Dr. Patricia Minter to discuss marriage equality at WKU

Brittiny Moore

On June 26, 2015, the Supreme Court ruled that the Constitution guarantees a right to same-sex marriage—a precedent in American history.

Despite the Court’s 5-4 split ruling, many individuals are still questioning various aspects of their rights and the rights of Kentucky county clerks who are issuing marriage licenses.

To make sense of these recent topics of controversy, on Sept. 15 WKU’s Institute for Citizenship & Social Responsibility (ICSR) will present “The Road to Marriage Equality: Past Discrimination, Current Victories, & Future Challenges” at 5 p.m. in the Downing Student Union.

The event will include a discussion from an associate professor in WKU’s history department, Patricia Minter.

According to the WKU ICSR website, Minter will discuss the implications of the Supreme Court’s decision on state and local governments and the next steps for Kentucky.

“According to Judge [David L.] Bunning, the next step is for county court clerks to comply with the decision handed down by the Supreme Court on June 26,” Minter said.

“He’s made it pretty clear that when the Supreme Court speaks, it’s the law of the land.”

Minter will also be discussing a few of the next frontiers for the LGBT community, including workplace and housing discrimination. The discussion will also highlight the local and national efforts to fight these forms of discrimination and the legal ramifications decisions on either topic could have.

“A lot of people don’t realize that right now, you can be fired in Bowling Green and any city that does not have a Fairness Ordinance because of who you are and because of who you love,” Minter said.

A former faculty regent, Minter is also an activist within the Bowling Green community. She is a founding member of Bowling Green Fairness, a local group that works with the statewide Fairness Campaign in its endeavors to enact local fairness ordinances.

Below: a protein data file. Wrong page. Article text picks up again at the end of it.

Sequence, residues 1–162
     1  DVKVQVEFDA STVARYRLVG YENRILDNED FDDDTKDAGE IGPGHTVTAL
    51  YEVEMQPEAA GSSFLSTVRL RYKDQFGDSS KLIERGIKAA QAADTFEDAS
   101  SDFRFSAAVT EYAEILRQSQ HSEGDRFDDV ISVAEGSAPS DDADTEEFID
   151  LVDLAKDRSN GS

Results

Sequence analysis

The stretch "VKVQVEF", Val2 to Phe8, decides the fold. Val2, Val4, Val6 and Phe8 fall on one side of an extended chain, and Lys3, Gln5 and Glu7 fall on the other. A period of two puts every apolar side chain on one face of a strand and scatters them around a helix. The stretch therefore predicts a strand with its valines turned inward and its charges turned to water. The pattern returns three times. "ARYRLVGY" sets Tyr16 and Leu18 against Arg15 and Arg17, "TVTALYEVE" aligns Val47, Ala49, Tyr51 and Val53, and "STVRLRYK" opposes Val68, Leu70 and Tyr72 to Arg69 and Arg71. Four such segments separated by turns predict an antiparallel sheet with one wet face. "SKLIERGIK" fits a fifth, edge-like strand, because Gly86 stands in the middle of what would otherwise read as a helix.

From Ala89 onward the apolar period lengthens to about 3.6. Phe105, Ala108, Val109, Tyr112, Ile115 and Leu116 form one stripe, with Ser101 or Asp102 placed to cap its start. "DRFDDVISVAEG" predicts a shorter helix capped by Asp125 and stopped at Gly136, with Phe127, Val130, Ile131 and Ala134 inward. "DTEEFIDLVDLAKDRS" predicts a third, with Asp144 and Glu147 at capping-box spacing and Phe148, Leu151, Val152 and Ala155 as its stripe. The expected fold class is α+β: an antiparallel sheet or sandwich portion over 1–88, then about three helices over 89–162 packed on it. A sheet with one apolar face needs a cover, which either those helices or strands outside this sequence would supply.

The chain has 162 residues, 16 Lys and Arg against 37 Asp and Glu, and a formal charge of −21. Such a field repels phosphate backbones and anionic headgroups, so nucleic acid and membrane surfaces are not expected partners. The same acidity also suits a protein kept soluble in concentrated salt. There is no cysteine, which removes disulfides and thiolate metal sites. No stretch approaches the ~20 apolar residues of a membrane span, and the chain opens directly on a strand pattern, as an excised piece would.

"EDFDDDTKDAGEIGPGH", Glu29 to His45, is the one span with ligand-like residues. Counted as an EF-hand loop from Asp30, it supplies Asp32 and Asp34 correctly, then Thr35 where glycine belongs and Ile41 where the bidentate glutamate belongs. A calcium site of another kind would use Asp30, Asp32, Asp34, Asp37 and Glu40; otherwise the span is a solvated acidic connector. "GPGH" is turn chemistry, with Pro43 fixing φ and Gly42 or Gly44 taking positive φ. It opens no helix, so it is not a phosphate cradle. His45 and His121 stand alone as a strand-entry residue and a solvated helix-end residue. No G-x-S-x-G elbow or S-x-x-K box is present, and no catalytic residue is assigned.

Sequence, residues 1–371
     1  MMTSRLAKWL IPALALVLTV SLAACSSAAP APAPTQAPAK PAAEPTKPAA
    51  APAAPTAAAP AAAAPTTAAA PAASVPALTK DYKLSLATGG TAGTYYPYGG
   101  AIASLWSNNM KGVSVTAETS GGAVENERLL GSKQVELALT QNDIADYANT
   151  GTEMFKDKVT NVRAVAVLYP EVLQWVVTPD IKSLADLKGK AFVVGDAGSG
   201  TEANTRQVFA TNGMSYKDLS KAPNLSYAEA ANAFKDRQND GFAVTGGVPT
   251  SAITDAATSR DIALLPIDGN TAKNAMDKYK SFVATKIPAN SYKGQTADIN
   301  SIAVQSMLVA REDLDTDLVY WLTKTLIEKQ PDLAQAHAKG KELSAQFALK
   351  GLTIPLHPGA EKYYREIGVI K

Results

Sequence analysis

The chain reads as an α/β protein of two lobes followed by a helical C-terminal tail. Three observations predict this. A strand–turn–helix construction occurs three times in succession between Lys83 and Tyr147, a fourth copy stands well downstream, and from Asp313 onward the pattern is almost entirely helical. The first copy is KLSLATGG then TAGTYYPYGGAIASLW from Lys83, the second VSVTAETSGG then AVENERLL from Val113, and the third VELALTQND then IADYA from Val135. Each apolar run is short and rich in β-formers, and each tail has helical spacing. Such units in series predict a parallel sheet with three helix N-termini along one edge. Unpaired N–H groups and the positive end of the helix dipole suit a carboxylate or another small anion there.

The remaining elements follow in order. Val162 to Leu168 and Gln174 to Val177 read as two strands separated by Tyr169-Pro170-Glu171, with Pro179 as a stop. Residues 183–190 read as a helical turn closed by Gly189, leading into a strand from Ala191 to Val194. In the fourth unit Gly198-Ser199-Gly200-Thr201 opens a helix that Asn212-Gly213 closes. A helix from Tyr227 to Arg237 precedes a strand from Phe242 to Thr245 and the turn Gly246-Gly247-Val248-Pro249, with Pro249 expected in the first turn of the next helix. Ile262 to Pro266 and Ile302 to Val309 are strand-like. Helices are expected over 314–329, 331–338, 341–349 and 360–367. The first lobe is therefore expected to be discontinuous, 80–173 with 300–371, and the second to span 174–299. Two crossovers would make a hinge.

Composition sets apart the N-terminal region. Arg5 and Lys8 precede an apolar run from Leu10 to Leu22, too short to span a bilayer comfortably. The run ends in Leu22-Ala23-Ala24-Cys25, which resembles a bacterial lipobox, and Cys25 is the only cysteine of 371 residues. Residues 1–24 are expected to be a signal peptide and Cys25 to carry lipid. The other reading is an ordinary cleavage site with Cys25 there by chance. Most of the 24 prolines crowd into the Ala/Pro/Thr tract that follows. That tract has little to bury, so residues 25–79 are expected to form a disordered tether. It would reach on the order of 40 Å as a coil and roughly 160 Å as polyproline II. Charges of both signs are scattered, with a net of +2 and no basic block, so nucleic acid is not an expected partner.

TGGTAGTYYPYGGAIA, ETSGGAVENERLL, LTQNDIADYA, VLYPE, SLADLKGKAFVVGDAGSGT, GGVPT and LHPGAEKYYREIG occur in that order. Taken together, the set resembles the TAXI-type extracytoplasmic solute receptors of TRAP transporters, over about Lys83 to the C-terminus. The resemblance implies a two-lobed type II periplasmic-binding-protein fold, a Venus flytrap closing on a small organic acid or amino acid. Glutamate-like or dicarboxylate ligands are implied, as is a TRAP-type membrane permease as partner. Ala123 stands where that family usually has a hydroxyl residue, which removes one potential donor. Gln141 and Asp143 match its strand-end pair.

“The fairness ordinances protect the rights of all people to fair housing, to freedom from job discrimination and freedom from discrimination in public accommodations,” Minter said. 

“There are only a handful of places in Kentucky that have fairness ordinances; Bowling Green is not one of them. So this has been a long term passion of mine to be part of this movement and to try to pass a fairness law here in Bowling Green.”

As activists, Minter and her husband have set up an endowment for WKU’s annual Lavender Graduation, a ceremony to recognize lesbian, gay, bisexual and transgender graduates along with their families and allies.

“My husband Michael and I created the endowment so that [the Lavender Graduation] would happen every year,” Minter said.

Her hope is that with the funding, “this would become a new tradition at WKU to raise visibility for the LGBT and ally community.”

Minter anticipates that this discussion will be a great opportunity for students to become more educated about what is happening in the LGBT community.

Kaylan Boyd, a freshman from Henderson, believes this discussion will greatly benefit all students on campus.

“I hope to see another step to stop bullying, whether it be against the LGBT community, racism (sic), and even those with mental or physical complications,” Boyd said.

“This is a great teaching moment because [of] the story that has unfolded in Rowan County,” Minter said. “It’s a complicated story that tells us a lot about the American system of federalism…and how does one pursue a legal remedy.

While Minter says the fight to end discrimination is a work in progress, she also acknowledges this transitional moment in American history.

“I think it’s an amazing moment to live through for the LGBT community and their allies,” she said. “This is the transformative moment that the rights that have previously belonged to some are now applied to all.”